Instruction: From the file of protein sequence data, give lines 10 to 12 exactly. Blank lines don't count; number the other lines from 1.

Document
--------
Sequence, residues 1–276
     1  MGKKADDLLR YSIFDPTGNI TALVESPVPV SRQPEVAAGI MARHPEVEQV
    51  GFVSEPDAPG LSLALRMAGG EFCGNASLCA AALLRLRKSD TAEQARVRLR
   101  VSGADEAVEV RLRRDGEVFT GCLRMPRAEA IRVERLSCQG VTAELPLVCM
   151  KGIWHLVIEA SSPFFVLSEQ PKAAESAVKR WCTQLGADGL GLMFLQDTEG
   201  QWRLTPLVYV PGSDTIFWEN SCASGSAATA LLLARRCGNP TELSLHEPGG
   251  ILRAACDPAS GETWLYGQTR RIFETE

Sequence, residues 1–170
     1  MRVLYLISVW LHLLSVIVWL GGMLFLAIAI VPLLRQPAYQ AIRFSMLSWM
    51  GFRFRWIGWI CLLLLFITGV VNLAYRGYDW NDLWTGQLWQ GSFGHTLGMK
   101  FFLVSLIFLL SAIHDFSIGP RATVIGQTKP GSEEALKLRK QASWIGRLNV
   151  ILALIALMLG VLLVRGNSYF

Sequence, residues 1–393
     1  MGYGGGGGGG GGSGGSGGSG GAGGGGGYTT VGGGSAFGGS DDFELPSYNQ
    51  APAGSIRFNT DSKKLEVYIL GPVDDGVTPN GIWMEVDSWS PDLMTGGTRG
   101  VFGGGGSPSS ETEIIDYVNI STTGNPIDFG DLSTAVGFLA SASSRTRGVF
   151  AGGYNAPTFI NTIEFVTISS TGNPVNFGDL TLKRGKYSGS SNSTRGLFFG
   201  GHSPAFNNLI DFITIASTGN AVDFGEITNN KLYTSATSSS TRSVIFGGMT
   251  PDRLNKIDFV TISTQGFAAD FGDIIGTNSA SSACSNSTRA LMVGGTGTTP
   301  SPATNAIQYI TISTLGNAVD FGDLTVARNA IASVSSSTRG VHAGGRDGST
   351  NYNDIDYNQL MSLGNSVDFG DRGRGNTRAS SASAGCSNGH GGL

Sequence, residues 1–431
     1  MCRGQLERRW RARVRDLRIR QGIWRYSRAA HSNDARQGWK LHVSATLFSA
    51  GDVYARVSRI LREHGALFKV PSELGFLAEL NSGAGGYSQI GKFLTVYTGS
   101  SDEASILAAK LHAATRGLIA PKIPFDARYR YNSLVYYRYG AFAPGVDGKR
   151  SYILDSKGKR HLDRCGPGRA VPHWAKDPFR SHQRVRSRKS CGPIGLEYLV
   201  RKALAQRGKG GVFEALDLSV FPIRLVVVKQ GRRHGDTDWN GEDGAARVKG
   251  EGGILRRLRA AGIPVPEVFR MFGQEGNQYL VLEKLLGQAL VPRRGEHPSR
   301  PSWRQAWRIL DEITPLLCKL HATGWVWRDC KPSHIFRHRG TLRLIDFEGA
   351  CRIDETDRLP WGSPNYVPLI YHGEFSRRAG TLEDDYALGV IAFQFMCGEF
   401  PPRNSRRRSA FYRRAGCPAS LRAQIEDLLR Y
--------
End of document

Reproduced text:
    51  GFRFRWIGWI CLLLLFITGV VNLAYRGYDW NDLWTGQLWQ GSFGHTLGMK
   101  FFLVSLIFLL SAIHDFSIGP RATVIGQTKP GSEEALKLRK QASWIGRLNV
   151  ILALIALMLG VLLVRGNSYF